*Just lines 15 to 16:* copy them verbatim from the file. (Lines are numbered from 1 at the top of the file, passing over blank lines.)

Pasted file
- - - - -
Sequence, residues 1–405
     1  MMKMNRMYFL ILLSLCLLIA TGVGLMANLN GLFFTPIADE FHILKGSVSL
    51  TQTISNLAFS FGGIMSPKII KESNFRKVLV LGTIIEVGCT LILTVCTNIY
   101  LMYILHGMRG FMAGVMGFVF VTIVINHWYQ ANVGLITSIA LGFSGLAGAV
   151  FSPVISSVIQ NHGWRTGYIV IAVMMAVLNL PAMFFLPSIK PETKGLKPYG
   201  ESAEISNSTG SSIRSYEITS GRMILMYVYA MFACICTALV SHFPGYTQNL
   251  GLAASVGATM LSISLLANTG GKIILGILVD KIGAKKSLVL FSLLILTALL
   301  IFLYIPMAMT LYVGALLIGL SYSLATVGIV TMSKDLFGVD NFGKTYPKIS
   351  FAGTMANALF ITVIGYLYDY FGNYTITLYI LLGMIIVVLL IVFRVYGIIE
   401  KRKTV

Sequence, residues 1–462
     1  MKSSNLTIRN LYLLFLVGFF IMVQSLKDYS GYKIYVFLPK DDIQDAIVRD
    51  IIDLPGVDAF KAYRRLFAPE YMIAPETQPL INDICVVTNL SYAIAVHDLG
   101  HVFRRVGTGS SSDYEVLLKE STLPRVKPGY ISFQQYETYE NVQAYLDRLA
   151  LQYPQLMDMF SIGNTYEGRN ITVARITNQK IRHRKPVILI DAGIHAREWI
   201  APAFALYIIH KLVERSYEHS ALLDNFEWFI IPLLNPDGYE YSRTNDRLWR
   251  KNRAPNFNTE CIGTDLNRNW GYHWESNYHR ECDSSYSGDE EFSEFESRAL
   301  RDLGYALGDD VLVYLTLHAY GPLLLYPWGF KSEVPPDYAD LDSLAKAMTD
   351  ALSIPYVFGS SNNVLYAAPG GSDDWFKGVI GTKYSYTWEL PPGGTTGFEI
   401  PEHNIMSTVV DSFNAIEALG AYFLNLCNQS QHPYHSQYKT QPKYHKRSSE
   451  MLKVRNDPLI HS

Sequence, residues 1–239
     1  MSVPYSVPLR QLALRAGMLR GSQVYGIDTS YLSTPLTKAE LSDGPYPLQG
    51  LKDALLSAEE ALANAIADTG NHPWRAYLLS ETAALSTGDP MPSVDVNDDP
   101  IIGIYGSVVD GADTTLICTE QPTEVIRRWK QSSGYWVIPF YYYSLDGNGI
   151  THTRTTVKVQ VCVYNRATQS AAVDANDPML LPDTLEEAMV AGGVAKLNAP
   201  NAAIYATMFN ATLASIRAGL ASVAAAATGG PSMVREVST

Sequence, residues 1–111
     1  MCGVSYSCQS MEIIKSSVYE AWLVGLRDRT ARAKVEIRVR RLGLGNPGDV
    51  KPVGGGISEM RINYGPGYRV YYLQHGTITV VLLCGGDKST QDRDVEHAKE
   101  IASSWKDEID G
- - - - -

   151  LQYPQLMDMF SIGNTYEGRN ITVARITNQK IRHRKPVILI DAGIHAREWI
   201  APAFALYIIH KLVERSYEHS ALLDNFEWFI IPLLNPDGYE YSRTNDRLWR